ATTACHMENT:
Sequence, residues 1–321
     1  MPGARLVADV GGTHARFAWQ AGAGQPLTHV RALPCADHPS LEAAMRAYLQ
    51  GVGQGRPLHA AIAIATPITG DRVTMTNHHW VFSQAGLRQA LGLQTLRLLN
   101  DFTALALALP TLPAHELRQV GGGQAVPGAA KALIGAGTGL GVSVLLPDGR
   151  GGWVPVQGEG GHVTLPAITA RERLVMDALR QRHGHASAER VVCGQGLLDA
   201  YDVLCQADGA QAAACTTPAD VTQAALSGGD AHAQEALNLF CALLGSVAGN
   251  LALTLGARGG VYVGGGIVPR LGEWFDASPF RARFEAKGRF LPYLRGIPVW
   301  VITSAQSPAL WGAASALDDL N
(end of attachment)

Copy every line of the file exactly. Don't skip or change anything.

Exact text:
Sequence, residues 1–321
     1  MPGARLVADV GGTHARFAWQ AGAGQPLTHV RALPCADHPS LEAAMRAYLQ
    51  GVGQGRPLHA AIAIATPITG DRVTMTNHHW VFSQAGLRQA LGLQTLRLLN
   101  DFTALALALP TLPAHELRQV GGGQAVPGAA KALIGAGTGL GVSVLLPDGR
   151  GGWVPVQGEG GHVTLPAITA RERLVMDALR QRHGHASAER VVCGQGLLDA
   201  YDVLCQADGA QAAACTTPAD VTQAALSGGD AHAQEALNLF CALLGSVAGN
   251  LALTLGARGG VYVGGGIVPR LGEWFDASPF RARFEAKGRF LPYLRGIPVW
   301  VITSAQSPAL WGAASALDDL N